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Is there a time limit in executing a trust?

Park Rapids, MN |

I am named in a trust. The death occurred over 1 year ago. The trustee is a procrastinor (family member) and nothing seems to be getting done. Is there a time limit in the execution of the trust. Suggestions for next steps? I know that the trustee does have a law firm involved.
The trustee also does not approve of the trust and has approached several people named, to consider changing the direction of the trust, so everyone gets an equal share. The trust was drawn up in Oregon.

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Attorney answers 4


The trustee has a duty to administer the trust according to its terms. If the trust called for a distribution, for example, upon the death of the grantor, such a distribution should have been made within a reasonable time therafter. Is the trust being administered in Oregon or Minnesota (or elsewhere)? You would do well to consult an attorney in the primary place of administration. A trustee cannot just change the terms of the trust because they "don't approve." Each state has its own mechanisms to judicially, or nonjudicially, with the consent of all beneficiaries, modify a trust, but these are limited. An attorney can help you to make sure you receive all of the benefit the grantor intended you receive.

This is not intended to be legal advice or to create an attorney/client relationship.


As attorney Frank has stated, the Trustee will have a reasonable period of time to handle the trust administration. If the death occurred over one year ago, then chances are that the Trustee should be doing things like preparing an income tax return, paying expenses, etc.

If the Trustee has reasons for delaying the administration (due to a problematic asset, issues with the administration, etc.), then it is unlikely that a court will remove the Trustee for that reason alone. However, if they have no good reason and are just procrastinating to attempt to find some way to breach their duty by not administering the trust in the manner in which it was drafted, then you will want to hire an attorney in the jurisdiction in which the Trust is being administered and that attorney can bring an action to remove the Trustee for breach of his or her duties to the beneficiaries of the trust.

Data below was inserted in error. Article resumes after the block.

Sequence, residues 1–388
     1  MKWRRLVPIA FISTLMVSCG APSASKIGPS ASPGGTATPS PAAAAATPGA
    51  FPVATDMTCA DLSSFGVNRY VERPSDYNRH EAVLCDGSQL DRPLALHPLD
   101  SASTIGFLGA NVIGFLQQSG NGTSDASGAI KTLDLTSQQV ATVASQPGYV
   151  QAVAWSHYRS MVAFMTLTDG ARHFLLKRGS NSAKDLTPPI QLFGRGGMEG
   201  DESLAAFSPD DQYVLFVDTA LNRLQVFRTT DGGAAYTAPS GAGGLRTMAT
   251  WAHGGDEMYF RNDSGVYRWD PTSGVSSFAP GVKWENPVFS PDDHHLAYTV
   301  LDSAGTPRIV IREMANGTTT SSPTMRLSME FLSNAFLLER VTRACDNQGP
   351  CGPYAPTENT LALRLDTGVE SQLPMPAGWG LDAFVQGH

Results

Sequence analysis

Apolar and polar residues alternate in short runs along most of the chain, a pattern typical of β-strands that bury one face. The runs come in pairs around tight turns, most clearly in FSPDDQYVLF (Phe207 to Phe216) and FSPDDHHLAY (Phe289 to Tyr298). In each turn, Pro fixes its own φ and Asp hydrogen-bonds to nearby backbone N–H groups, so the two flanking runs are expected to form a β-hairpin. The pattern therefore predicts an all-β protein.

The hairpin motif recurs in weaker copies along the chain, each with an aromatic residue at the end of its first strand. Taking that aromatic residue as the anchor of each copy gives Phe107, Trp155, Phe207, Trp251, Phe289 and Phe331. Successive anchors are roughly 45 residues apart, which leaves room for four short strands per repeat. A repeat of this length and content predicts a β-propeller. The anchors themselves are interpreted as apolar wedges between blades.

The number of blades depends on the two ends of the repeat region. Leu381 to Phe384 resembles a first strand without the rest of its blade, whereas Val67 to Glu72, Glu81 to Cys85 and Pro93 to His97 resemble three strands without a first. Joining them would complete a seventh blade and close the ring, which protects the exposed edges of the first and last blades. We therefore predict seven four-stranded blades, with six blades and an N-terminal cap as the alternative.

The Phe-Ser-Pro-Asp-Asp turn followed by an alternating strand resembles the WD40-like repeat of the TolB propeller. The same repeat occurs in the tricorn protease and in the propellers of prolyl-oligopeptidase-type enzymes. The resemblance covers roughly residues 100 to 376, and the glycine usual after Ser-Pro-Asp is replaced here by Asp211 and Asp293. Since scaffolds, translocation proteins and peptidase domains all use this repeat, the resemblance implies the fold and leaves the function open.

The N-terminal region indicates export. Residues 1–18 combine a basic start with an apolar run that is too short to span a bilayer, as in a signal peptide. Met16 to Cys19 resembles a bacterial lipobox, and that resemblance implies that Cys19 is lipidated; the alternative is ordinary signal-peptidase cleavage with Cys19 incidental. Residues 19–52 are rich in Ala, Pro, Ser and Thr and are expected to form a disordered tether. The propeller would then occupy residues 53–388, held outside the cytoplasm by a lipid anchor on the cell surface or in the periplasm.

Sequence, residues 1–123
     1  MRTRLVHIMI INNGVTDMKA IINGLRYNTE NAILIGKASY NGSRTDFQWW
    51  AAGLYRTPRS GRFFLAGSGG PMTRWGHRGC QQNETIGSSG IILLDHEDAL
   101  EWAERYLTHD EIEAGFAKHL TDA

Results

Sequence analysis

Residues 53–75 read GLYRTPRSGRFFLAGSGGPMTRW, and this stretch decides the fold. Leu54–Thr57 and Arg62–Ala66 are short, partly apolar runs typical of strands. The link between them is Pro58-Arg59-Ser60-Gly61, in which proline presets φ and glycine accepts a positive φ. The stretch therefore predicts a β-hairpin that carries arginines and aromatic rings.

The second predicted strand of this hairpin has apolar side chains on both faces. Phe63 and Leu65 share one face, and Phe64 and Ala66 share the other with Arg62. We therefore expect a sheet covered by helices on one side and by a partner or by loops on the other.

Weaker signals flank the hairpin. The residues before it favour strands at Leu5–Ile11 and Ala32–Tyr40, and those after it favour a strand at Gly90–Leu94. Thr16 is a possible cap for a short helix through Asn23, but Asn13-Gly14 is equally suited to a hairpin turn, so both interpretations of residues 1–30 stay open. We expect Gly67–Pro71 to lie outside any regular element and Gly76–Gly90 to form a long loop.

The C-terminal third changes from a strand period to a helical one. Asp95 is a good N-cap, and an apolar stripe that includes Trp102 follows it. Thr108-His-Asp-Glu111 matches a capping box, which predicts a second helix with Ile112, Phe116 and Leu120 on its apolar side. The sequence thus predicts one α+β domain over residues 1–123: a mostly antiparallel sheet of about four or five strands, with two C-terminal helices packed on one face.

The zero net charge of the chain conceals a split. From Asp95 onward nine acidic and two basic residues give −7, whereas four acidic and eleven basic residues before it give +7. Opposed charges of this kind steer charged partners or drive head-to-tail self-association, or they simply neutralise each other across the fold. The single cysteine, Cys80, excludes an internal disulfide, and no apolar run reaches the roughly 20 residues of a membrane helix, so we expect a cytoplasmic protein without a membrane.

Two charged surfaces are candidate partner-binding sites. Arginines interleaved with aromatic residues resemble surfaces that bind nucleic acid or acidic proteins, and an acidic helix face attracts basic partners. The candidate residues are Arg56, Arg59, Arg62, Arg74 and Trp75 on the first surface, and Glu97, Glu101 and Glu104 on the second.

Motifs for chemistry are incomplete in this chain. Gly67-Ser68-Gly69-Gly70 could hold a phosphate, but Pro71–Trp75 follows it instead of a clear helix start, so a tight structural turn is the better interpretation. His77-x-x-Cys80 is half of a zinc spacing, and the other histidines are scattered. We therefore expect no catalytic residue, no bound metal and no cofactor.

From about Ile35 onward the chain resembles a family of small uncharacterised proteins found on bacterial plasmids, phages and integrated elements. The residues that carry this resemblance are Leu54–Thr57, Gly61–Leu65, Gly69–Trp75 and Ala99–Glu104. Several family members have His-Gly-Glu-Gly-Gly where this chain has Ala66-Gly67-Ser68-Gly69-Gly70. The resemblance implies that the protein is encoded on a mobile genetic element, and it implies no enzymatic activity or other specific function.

Be careful though because in some jurisdictions an action against the Trustee in this manner may trigger a "no contest" clause which could cause you to be considered to be disinherited for purposes of the administration. An attorney in the jurisdiction where the trust is being administered will be able to give you advice about how to handle this issue in such a way as to encourage the Trustee to act and to protect your portion of the inheritance as well.

Just because the trust was drafted in Oregon does not mean that the trust is necessarily being administered in Oregon. Usually there are a multitude of factors that go into that determination (where is the Trustee located, where are the assets located, what does the trust code say of the state in which the Trustee is administering the trust, etc.). This can sometimes be one of the more difficult aspects of figuring out where these types of actions should be brought, but in some states as well the Trustee is required to give you a Trustee's notice that provides the address of the place of administration. If you received such a notice then that is a good place to start.

Good luck with your case.


Here is a suggestion. If there is a law firm involved, you should contact them and asked to be brought up to date and kept up to date with the developements in the estate and trust administration. If possible get the response in writing. Depending on whtether the response makes sense to you, you may want to hire an attorney to get involved to protect your interests.

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The three previous answers say virtually everything that there is to say. You do not say which state the person was a resident of at the time of his/her death although you say that the trust was prepared in Oregon. The trust may indicate that a certain state's law is to control. If so, I would research that state's law regarding trust administration.

However, the first thing that I would do is have an attorney right the trustee a letter explaining to him/her that he must begin administering the trust immediately.

I am not an attorney in the state of Oregon and this is not meant to be legal advice!